Abstract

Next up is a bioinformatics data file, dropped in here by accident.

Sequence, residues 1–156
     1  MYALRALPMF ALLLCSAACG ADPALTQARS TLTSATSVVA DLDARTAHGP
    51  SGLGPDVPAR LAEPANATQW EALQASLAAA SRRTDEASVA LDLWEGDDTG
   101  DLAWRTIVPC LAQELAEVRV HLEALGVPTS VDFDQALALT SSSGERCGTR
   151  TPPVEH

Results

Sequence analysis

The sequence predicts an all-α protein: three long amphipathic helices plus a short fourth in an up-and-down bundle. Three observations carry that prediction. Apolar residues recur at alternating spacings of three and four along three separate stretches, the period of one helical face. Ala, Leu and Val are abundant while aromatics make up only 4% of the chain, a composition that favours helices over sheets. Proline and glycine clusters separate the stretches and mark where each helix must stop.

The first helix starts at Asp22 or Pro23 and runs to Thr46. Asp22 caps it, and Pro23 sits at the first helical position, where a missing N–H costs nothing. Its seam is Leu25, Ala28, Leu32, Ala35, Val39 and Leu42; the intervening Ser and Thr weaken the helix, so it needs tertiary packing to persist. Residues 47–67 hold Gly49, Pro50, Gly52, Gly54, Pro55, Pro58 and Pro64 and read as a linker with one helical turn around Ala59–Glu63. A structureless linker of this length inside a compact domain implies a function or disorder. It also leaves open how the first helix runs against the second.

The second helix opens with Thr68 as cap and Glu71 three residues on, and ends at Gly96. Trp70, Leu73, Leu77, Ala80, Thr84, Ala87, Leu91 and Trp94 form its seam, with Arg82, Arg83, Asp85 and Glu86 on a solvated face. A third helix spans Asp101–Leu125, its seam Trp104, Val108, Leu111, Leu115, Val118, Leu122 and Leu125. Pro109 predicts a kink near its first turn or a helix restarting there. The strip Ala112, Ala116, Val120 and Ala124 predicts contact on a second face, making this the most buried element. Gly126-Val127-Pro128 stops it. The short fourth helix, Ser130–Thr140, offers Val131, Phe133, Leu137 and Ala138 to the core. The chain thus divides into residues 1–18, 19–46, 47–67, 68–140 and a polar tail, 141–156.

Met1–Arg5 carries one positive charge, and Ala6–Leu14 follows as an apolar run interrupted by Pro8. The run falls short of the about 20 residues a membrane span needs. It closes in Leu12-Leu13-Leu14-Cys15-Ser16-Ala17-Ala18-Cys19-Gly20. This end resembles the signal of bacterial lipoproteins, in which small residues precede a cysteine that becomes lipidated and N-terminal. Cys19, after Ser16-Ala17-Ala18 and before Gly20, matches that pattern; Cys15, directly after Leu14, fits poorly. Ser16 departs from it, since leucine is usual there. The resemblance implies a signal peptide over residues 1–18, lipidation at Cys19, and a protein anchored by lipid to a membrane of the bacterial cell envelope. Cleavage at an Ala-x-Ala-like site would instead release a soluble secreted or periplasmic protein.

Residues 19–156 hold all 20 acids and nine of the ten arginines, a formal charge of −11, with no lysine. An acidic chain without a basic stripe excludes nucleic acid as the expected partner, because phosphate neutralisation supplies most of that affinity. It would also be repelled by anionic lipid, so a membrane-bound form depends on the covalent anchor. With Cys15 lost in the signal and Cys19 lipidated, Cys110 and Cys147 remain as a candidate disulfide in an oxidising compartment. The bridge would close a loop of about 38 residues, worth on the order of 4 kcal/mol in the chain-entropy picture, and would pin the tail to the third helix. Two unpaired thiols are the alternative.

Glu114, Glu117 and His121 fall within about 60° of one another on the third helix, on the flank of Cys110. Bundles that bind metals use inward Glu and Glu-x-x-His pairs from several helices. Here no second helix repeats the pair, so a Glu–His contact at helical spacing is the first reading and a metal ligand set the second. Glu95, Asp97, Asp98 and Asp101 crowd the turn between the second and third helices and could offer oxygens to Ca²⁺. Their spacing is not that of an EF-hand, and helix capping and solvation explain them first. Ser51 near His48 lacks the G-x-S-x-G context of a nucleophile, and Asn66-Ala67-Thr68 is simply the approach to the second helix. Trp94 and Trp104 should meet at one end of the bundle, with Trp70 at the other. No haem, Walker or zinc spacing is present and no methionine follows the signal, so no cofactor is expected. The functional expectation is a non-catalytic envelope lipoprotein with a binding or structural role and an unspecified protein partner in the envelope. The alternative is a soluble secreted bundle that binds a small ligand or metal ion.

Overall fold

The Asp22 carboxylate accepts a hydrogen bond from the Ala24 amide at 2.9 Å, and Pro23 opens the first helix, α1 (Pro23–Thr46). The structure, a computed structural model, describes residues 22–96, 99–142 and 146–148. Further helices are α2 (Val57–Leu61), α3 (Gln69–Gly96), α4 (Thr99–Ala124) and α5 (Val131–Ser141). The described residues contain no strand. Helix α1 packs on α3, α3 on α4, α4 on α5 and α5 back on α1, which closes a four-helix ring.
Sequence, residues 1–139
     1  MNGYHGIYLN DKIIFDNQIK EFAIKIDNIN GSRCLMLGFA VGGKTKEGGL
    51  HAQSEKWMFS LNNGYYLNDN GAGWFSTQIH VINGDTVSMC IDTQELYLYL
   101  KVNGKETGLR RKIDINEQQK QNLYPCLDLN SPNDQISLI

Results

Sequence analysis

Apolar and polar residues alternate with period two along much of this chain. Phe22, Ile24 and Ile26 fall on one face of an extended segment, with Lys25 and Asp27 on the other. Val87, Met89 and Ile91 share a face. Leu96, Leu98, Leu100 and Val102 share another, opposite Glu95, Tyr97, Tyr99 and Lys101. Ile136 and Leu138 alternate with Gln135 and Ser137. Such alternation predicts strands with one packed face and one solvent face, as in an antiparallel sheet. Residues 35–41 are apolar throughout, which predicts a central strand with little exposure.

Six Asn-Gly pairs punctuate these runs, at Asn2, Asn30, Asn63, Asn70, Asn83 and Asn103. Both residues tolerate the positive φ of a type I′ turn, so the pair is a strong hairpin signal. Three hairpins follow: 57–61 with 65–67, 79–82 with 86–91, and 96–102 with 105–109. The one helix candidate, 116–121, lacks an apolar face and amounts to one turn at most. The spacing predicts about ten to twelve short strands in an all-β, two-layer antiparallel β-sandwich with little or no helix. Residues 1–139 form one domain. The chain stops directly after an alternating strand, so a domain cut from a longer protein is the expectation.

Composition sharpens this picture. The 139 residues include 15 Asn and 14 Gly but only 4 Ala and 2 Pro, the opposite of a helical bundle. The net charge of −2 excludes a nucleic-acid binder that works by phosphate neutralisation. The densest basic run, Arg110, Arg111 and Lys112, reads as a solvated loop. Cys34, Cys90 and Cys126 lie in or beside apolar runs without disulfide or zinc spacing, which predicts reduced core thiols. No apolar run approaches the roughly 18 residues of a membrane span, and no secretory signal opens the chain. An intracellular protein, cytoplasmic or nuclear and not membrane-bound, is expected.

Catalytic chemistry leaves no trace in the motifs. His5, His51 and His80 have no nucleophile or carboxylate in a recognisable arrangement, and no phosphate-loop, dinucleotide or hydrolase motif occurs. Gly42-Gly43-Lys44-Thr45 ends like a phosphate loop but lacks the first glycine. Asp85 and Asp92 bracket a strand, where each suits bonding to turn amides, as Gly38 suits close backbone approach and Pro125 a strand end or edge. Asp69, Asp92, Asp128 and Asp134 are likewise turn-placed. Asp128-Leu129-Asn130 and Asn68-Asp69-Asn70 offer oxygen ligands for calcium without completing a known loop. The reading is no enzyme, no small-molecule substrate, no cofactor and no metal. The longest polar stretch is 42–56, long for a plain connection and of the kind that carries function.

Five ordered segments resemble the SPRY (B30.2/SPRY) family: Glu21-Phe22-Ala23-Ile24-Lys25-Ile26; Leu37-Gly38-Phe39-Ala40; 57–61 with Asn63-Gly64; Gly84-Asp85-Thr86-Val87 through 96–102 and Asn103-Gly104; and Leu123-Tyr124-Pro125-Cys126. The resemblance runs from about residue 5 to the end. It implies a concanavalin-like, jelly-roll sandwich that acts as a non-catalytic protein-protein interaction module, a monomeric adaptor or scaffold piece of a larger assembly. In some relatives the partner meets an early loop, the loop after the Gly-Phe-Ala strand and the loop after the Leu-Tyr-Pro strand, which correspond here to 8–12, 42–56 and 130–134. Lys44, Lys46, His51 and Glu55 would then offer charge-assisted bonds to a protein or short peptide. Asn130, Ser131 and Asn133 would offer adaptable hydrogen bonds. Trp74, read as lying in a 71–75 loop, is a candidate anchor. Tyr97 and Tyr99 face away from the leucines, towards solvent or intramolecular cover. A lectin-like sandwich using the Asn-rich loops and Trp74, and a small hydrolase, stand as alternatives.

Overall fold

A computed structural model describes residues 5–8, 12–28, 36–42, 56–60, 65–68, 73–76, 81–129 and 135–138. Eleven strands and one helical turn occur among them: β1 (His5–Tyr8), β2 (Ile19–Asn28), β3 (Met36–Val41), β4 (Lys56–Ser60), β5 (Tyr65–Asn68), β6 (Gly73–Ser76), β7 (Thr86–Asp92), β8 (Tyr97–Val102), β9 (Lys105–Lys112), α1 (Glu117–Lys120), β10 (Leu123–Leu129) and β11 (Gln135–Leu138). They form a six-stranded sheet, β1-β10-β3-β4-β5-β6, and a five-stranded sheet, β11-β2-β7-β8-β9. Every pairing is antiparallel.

A new Early Triassic marine fauna is described from the Central Oman Mountains. The fauna is Griesbachian in age, on the basis of abundant conodonts and ammonoids, and was deposited in an oxygenated seamount setting off the Arabian platform margin. It is the first Griesbachian assemblage from a well-oxygenated marine setting and thus provides a test for the hypothesis that widespread anoxia prevented rapid recovery. The earliest Griesbachian (parvus zone) contains a low-diversity benthic fauna dominated by the bivalves Promyalina and Claraia. A similar level of recovery characterizes the immediate postextinction interval worldwide. However, the middle upper Griesbachian sedimentary rocks (isarcica and carinata zones) contain an incredibly diverse benthic fauna of bivalves, gastropods, articulate brachiopods, a new undescribed crinoid, echinoids, and ostracods. This fauna is more diverse and ecologically complex than the typical middle to late Griesbachian faunas described from oxygen-restricted settings worldwide. The level of postextinction recovery observed in the Oman fauna is not recorded elsewhere until the Spathian. These data support the hypothesis that the apparent delay in recovery after the end-Permian extinction event was due to widespread and prolonged benthic oxygen restriction: in the absence of anoxia, marine recovery is much faster.

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